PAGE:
About PSM

Public Sector Manager Magazine is
published by GCIS South Africa

 

Read More

 

PSM e-Edition
Join My Mailing List
  • White Facebook Icon

@2018 GCIS

  • publicsectormanage

Help your child succeed at school


Parents are their child’s first teachers and have a key role in shaping their child’s character.

This is according to Boitumelo Moses, a clinical psychologist at Bophelong Psychiatric Hospital in Mahikeng.

She highlighted the important role parents should play in holistically supporting children of school-going age.

“Parental encouragement plays a crucial role in producing successful students. It is also important to realise that a parent’s role is not limited to the home but should include involvement in school activities too,” Moses explained.

“A child’s learning scale is highly related to how they are treated at home,” she added.

Academic support

Moses said parents should support their children academically by assisting them with homework if needed, checking that they have done their homework and assignments and paying attention to whatever difficulties a child might be having.

Parents are also encouraged to attend parents’ meetings to keep informed of any challenges their child might be experiencing in the classroom.

She said it is of utmost importance for parents to encourage learners to read.

According to Moses, top financial responsibilities that parents have include paying school fees, ensuring that children have safe transportation to and from school and buying stationery, clothes and food.

Ultimately, Moses advises parents to be patient with their children and with themselves.

“Find something that works for you as a parent and for your child as an individual. And lastly, love your children unconditionally,” she said.

Emotional and psychological support

Moses also stresses the importance of parents providing emotional and psychological support to children who may be struggling with depression and other forms of mental illness.

The most importance piece of advice she has is that parents should not expect their children to be perfect.

“Everyone makes mistakes. No one is 100 percent perfect in every aspect of life. Be proud of any achievements that your child makes, no matter how small. Don’t be too punitive. Always keep communication channels open. Be supportive and understanding of their needs.”

She adds that one of the most important ways to provide emotional and psychological support to your child is to be present.

Family time

Parents often have very busy schedules and have little time to spend with their children, which is why family time should be optimally used, says Moses.

“Ask how your child’s day was; what made them happy; what made them sad; ask about their friends; what subjects they do or don’t enjoy and why.”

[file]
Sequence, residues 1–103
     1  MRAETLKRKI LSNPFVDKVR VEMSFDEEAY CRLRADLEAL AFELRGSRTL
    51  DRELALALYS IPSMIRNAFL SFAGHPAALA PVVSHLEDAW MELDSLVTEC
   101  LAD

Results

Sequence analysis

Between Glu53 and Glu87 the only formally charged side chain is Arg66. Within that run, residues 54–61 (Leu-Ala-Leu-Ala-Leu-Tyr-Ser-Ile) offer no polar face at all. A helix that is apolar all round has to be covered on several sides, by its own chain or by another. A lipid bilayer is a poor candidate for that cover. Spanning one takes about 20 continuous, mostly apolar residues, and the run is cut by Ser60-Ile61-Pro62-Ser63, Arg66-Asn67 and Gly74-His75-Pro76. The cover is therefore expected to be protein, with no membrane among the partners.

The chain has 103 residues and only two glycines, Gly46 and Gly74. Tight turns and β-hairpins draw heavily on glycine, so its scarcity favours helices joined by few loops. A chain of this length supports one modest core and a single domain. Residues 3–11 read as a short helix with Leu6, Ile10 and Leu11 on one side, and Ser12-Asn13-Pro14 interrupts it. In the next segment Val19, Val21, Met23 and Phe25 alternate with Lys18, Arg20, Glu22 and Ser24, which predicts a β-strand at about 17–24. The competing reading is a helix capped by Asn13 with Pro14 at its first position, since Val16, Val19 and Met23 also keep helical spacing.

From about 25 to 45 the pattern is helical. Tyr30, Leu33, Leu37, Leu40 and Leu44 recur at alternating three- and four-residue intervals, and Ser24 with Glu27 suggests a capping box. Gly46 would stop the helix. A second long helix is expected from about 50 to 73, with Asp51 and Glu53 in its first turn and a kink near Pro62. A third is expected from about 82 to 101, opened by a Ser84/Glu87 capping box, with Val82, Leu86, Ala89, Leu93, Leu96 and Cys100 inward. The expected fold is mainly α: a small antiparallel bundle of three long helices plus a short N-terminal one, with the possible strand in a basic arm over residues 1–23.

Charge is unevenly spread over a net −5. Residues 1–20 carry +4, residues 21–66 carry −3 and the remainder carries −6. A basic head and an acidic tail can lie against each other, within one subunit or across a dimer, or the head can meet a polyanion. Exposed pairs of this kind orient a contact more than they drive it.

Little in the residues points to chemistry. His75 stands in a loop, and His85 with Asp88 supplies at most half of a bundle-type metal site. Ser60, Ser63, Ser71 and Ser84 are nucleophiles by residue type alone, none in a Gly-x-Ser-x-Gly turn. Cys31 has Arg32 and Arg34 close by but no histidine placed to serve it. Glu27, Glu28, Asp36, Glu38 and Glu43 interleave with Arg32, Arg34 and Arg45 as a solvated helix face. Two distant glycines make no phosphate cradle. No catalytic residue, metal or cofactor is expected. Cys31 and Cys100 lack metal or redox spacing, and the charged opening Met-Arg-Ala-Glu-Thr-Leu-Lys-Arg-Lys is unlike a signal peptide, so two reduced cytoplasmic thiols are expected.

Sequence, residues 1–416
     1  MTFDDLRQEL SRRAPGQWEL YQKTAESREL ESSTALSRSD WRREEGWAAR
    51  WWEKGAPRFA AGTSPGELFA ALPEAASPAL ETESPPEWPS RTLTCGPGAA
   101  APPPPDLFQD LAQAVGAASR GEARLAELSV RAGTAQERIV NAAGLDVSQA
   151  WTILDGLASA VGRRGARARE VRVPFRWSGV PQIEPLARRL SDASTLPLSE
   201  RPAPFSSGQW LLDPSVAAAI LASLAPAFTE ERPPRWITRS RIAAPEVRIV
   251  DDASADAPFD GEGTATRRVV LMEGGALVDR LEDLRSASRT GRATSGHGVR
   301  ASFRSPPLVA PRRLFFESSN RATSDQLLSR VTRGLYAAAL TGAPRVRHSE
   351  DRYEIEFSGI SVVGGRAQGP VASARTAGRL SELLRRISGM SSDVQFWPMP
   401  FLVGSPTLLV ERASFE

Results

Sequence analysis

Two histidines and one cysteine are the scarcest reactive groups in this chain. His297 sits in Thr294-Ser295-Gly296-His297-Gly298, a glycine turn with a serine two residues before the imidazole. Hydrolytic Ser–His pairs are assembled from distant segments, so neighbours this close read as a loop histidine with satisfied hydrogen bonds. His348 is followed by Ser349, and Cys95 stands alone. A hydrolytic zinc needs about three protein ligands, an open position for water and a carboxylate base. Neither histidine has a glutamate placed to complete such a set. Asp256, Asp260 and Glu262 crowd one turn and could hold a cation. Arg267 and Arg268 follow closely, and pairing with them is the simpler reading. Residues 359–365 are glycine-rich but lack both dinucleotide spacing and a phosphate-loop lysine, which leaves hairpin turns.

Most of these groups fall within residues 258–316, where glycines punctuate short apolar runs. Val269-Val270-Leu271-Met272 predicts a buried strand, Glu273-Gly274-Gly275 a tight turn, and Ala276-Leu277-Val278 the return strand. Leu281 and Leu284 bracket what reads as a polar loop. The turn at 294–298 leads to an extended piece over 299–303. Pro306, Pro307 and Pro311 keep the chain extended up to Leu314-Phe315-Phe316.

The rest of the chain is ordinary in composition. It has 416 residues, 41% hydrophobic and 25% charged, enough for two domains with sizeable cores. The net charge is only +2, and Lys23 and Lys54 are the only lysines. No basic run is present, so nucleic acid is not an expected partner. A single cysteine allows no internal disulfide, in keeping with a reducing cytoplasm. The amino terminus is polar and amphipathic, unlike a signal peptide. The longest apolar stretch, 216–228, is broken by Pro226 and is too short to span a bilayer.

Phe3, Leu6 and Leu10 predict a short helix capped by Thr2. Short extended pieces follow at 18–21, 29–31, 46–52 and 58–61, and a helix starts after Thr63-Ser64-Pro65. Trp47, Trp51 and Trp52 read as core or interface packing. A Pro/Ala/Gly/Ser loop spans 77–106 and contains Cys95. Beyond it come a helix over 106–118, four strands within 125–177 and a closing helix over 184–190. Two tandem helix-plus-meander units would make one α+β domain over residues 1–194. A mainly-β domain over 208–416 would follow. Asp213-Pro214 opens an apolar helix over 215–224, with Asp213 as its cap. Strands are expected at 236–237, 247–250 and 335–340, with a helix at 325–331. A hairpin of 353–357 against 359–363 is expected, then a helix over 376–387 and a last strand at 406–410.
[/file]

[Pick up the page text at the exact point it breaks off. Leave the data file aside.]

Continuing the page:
Moses encourages parents to listen to what their child tells them and to pay attention to their mood swings. Parents should respond lovingly and with empathy to any problems that the child might be having.

“If your child is experiencing emotional or psychological problems, seek professional help. There is no shame in asking for help.”

She says there are a number of domestic factors that may contribute to a child’s poor performance at school. These include poverty, unstable structure in the household, poor relationships between family members and between parents, divorce and harsh discipline.

Prioritise a child’s well-being

Principal clinical psychologist in the Steve Biko Academic Hospital’s psychiatric department, Lillian Nkosi, agrees that parents should always pay attention to their children’s well-being.

According to Nkosi, parents should be concerned if their child is sad more often than not, especially if there is a history of depression in the family.

“Learners suffering from depression and other forms of mental illness should be referred to a clinical psychologist and a child psychiatrist for psychotherapy and pharmacotherapy.”

Nkosi emphasises that it is important to listen to children when they speak about situations at school that worry them, such as bullying. Actively address the issues raised by speaking to the child’s teacher, she said.

“Learners who struggle to perform well at school should be assessed by an educational psychologist or an occupational therapist to determine if they are suitable for mainstream education or a school for learners with special educational needs.”

According to the Department of Basic Education, effectively engaging parents and families in the education of their children has a positive influence on the success of the learners. Currently, the level of parent and community participation in schools is low.

Parents who need advice can contact the Department of Basic Education’s call centre at 0800 202 933 or email callcentre@dbe.gov.za

0 views